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As of February 2023, Robinhood’s Brokerage Sweep Program guarantees its users 4.15% APY (for those who pay $5 a month for Robinhood Gold). Robinhood is sweeping the cash to banks. Do those banks offer accounts with interest rates this high? The best savings accounts I can find are below 4% APY. Is this a money market account?

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    Banks usually offer higher rates to customers who keep (much) larger amounts of money with them.
    – RonJohn
    Feb 15, 2023 at 10:27
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    The highest rate on bankrate.com today for a savings account is 4.45%, not hard to imagine that Robinhood can get this. Feb 15, 2023 at 22:08
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    After a decade of historically low rates, it takes some time to mentally adjust that we are now in a world where the risk-free rate of return is actually significant.
    – Chuu
    Feb 15, 2023 at 22:25
  • Flabbergasted... used to seeing 0.1% rates on savings accounts.
    – erickson
    Feb 16, 2023 at 22:08

3 Answers 3

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I opened an 11-month CD yesterday at 5% with Capital One, and rates were over 4% on all longer terms. If individuals have fixed rate options >4% then it makes sense that there are some variable rate options >4% too. A business with large amounts of cash can get more favorable rates than most individuals. Robinhood can reduce/eliminate margin on the interest they pay out vs receive and still come out ahead due to the $5/month fee.

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Even if they're not really taking any risk, the one-month US treasury yield is currently around 4.6%. I think banks can treat these as effectively-cash and it's trivial to buy and sell them, so it should be relatively easy for them to make a profit if they're only paying out 4.15% of that.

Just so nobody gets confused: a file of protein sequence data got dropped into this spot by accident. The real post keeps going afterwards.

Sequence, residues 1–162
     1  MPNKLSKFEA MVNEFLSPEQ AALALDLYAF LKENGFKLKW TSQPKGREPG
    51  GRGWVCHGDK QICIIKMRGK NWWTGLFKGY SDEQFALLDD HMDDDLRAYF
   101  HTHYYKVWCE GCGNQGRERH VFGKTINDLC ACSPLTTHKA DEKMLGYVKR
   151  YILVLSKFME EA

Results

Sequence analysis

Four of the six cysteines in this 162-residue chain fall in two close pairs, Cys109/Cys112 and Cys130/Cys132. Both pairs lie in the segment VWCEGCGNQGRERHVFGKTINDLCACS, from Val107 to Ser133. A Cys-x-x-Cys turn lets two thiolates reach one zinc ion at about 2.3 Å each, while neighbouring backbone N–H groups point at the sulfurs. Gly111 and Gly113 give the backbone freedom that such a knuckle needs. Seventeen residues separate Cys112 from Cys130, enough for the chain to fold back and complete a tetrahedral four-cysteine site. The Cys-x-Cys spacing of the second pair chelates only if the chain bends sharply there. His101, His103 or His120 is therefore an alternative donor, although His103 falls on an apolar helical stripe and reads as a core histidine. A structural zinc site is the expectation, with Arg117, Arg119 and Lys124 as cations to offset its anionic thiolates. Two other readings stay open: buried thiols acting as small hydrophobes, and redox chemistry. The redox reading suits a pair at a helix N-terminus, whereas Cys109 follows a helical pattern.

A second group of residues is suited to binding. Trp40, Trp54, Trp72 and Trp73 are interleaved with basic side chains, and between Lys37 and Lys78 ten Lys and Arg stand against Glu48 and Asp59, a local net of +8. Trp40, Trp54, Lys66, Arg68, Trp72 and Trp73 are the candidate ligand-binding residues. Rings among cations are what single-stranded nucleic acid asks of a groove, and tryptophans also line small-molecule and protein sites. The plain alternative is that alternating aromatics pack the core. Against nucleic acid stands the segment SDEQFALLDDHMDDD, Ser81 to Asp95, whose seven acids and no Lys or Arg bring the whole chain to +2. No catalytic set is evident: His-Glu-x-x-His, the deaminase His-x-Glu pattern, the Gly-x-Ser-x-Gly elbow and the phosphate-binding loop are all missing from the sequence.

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    and: this is entirely different to how it was 2 years ago, when a whole lot of people signed up for Robinhood and learned about the markets.
    – user253751
    Feb 16, 2023 at 14:23
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It's really not that impressive as it's comparable to money market funds offered by other brokers. For example, Fidelity's SPAXX shows a 7-day yield of 4.2%.

There's also nothing guaranteed about the 4.15%.

Per the link you included:

Interest is earned on uninvested cash swept from your brokerage account to program banks. Program banks pay interest on your swept cash, minus any fees paid to Robinhood. As of February 3, 2023, the Annual Percentage Yield (APY) that you will receive is 1.5%, or 4.15% for Gold customers. The APY might change at any time at the program banks' discretion. Additionally, any fees Robinhood receives may vary and is subject to change. Neither Robinhood Financial LLC nor any of its affiliates are banks.

The real question is why customers accept below-market interest rates, when HY savings accounts, CDs, and other no/low-risk options are available.

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    Regarding your parting question, it's because you can't trade in those accounts. Active traders frequently have cash in their brokerage accounts and it's not practical to frequently deposit into/withdraw from a brokerage account. Offering a competitive interest rate on cash in a brokerage account could be compelling for some people.
    – Hart CO
    Feb 16, 2023 at 1:40
  • @HartCO it was meant as a comment on the low savings account rates offered by large consumer banks, which make Robinhood's cash sweep rate look exceptional when it's not... I can see how my comment was confusing though, thanks for clarifying.
    – 0xFEE1DEAD
    Feb 16, 2023 at 3:14
  • You should probably be clear about what you mean by "not guaranteed". Robinhood is guaranteeing that rate for the short term, and the cash is guaranteed to be there with FDIC insurance (up to the limits). The thing they're not guaranteeing is that they won't change the rate going forward. I just think it's important since an FDIC-insured account with a stated interest rate is very different from a non-insured money market fund. I think this also clarifies why people accept this rate, 4.15% for high-liquidity and zero risk is quite good! And if they drop the rate you can move your money. Feb 16, 2023 at 22:46

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